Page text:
It was getting late, and the Chicago rain was beating down on the windows of my office. I was getting ready to call it a night – drink some dinner and go home. But then the door opened, and in walked a dame.
Yeah. There’s aaalways a dame…
“Are you Max Facepunch, Private Eye?” she said.
“That’s right, dollface,” I said. “The guy who sent Gorfowsky to the chair — even though he preferred to stand. And who broke up that criminal ethnic minority syndicate.”
“Yeah, I heard that was a backgammon club for elderly Greek men.”
“Tomato, tomahto,” I said. “I charge twenty-five dollars a day plus expenses – you can PayPal me, but I prefer bank transfer. But first, how can I help you?”
“It’s my fiancée Lance Crappy, Mr Facepunch,” she said, choking up a little. “He… runs with scissors.”
I let out a low whistle. “I ought to have said thirty dollars a day,” I said. “Doesn’t he know how unsafe that is?”
“I know, I know,” she sniffed.
“Next thing he’ll be playing with matches.”
“Stop!” she gasped, tears pouring from her eyes. “I know it – but please don’t say it!”
“I’ll take the case,” I said. “But it won’t be easy, miss…”
“Dollface,” she said. “I thought you knew that.”
“Honestly, no. It was a lucky guess.”
“Full name: Broad Dollface,” she continued. “Or it was, until I was given special recognition by the King of England. Now I’m Dame Broad Dollface, DBE.”
As soon as she left, I unlocked my gun safe and took out my Police .38. Then I opened my other safe and took out some bullets, which I stored in a separate pocket to my revolver.
Safety first, safety last, safety always.
I found the future Mr Dollface downtown, in a sleezy scissor den. The bouncer was a big gorilla, who I knew from way back.
Non-literal gorilla. Just to be clear. He was a person, and quite large.
“That you, Max?” he said.
“That’s right, Butch,” I said. “Lemme in, I got an urge to run with scissors.”
“Yeah. I wanna run with scissors with my shoelaces untied, by the edge of the swimming pool, even though I only ate five minutes ago.”
“You ain’t foolin’ no-one, gumshoe,” he said. “Beat it! Amscray!”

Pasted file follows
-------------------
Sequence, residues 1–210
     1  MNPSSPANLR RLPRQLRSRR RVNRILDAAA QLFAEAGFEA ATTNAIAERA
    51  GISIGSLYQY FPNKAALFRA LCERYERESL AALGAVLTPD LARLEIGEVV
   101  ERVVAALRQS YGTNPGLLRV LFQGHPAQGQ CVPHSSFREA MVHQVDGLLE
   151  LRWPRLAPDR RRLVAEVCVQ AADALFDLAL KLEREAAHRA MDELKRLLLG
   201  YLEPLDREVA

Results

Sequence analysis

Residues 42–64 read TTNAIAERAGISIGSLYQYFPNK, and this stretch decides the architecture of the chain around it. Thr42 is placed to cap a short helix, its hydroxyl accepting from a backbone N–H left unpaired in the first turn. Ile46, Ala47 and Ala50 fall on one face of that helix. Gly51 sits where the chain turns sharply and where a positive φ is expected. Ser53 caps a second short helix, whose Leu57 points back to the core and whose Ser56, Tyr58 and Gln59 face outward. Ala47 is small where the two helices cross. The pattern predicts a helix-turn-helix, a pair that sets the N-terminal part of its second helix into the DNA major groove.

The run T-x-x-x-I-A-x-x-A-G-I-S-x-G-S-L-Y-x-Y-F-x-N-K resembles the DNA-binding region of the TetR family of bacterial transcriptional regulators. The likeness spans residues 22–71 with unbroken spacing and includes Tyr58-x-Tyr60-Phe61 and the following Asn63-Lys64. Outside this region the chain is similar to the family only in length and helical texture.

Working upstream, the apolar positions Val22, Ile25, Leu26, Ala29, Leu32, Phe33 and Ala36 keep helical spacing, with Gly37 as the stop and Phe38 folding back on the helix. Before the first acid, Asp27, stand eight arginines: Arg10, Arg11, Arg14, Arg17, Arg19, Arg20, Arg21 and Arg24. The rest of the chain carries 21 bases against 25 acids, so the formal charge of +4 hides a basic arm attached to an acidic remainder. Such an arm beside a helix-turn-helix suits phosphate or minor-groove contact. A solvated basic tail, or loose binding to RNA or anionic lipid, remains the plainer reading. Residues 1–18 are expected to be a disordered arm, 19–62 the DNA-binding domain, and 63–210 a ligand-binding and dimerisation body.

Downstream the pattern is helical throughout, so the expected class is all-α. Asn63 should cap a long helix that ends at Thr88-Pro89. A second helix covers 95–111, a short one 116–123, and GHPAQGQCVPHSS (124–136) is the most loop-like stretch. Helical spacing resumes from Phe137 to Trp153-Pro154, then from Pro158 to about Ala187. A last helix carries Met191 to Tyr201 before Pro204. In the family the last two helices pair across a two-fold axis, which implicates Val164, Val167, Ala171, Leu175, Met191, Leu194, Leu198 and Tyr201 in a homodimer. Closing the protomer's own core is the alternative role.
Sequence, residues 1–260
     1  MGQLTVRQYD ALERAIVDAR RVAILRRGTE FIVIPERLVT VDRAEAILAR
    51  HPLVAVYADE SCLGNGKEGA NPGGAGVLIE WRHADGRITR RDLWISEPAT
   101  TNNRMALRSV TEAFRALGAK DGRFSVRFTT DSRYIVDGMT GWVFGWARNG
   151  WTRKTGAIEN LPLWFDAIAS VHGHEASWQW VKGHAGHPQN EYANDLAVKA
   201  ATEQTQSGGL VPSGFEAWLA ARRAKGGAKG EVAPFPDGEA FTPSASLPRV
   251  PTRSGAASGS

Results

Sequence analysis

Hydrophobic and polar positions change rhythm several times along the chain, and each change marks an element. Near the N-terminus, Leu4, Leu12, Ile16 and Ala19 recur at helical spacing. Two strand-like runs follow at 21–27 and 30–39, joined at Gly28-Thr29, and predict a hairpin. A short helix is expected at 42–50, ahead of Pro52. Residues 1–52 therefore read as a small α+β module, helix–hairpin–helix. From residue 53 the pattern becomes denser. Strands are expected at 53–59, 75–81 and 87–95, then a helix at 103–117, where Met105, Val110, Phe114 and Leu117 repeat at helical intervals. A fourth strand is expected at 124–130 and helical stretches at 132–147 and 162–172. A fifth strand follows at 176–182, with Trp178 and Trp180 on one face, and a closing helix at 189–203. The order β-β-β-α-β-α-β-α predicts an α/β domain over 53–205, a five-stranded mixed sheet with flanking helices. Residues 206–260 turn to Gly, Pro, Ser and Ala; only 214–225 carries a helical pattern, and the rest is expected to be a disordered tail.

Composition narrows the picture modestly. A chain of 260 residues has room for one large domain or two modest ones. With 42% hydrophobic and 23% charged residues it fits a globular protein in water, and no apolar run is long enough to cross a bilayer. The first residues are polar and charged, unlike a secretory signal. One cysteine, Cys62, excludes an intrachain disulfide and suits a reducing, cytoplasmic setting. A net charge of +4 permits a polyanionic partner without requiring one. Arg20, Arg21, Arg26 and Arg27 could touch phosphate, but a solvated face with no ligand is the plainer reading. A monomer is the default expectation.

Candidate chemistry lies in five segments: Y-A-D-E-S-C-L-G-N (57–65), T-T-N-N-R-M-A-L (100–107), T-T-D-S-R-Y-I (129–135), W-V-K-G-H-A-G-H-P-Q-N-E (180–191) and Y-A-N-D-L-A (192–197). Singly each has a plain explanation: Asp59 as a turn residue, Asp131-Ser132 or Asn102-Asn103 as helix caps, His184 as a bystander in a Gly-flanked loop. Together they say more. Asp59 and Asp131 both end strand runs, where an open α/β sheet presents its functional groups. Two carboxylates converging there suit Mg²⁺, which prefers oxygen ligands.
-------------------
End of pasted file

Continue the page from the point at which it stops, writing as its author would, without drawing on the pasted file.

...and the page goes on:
He pulled a knife on me.
“Be careful!” I said. “You’ll have someone’s eye out with that!”
“Oh, sorry,” he said, and held it by the handle, point down.
I punched him. In the face. He went down like a sack of potatoes, and I entered the dive.
It was bad inside. Real bad. Around the outside of the huge space were men lying on bunks, nursing bruised knees, barked shins… all sorts of owies. Through the middle of the space, men and women ran shrieking. Some had umbrellas up inside, but most had scissors—and I don’t mean safety scissors. And they were running… running… Running on loose carpets, and leaf-litter and banana peals, with crayons and toy cars all over the floor. It made me so sick, I could hardly look.
A bored looking girl approached with a box of scissors.
“Left or right handed?” he asked.
“I’m looking for Lance Crappy,” I said.
“Over there,” the girl shrugged, pointing to a bunk. It was him alright. Dollface had shown me his picture. He was stretched out on his back, his eyes barely open. There was a Ninja Turtles bandaid on his knee. His head rested on a filthy pillow next to a juicebox, the straw of which had fallen from his lips.
“Get up,” I said, pushing him upright.
“Wha?” he wha-ed.
“Your fiancée sent me. I need to dry you out.”
Twenty minutes later, we were in a diner. He was shivering and squinting against the light, but I felt no pity. The waiteress plopped a cup of joe on the table, and he reached for it straight away. I rapped his knuckles with a ruler.
“After it cools.”
He looked away sulkily until the ham and eggs arrived.
“You need some solid food,” I said. “And I’m going to watch you cut up everything you eat and chew it thoroughly before swallowing, understand?”
He looked like he was going to argue. But he saw from my face that would get him nowhere, so he started eating.
“And be careful with that fork!”
“So Broad sent you?”
“Yeah. She must care about you.”
“Or her reputation.”
“Well, I don’t care about either,” I said. “What I saw tonight… I’ve earned my $25 dollars and the cost of this meal, but I need to shut that place down. Forever. For that I need to know: who was behind it?”
“You really wanna know?” he said. “It was…”
He never finished the sentence. He just keeled forward into his plate, a metal object in his back. The door slammed, and I heard a car outside, its tires squealing as it sped away. The waitress screamed. “Aren’t you gonna chase them?” she demanded. “They just killed this guy with a pair of scissors!”
“Look again,” I said. “It’s not scissors. I know who did it.”
She looked at the dead man. “Garden shears!” she said. “So that must mean…”
I nodded. “The Hortico Syndicate! I wondered when they were gonna show up again.”